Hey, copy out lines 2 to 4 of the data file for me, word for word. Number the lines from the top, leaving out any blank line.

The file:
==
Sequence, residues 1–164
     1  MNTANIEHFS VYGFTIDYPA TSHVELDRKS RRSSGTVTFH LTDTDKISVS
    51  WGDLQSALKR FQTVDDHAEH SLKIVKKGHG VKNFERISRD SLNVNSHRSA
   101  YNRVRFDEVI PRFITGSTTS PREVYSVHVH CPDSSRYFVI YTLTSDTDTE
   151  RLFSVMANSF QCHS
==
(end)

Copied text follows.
     1  MNTANIEHFS VYGFTIDYPA TSHVELDRKS RRSSGTVTFH LTDTDKISVS
    51  WGDLQSALKR FQTVDDHAEH SLKIVKKGHG VKNFERISRD SLNVNSHRSA
   101  YNRVRFDEVI PRFITGSTTS PREVYSVHVH CPDSSRYFVI YTLTSDTDTE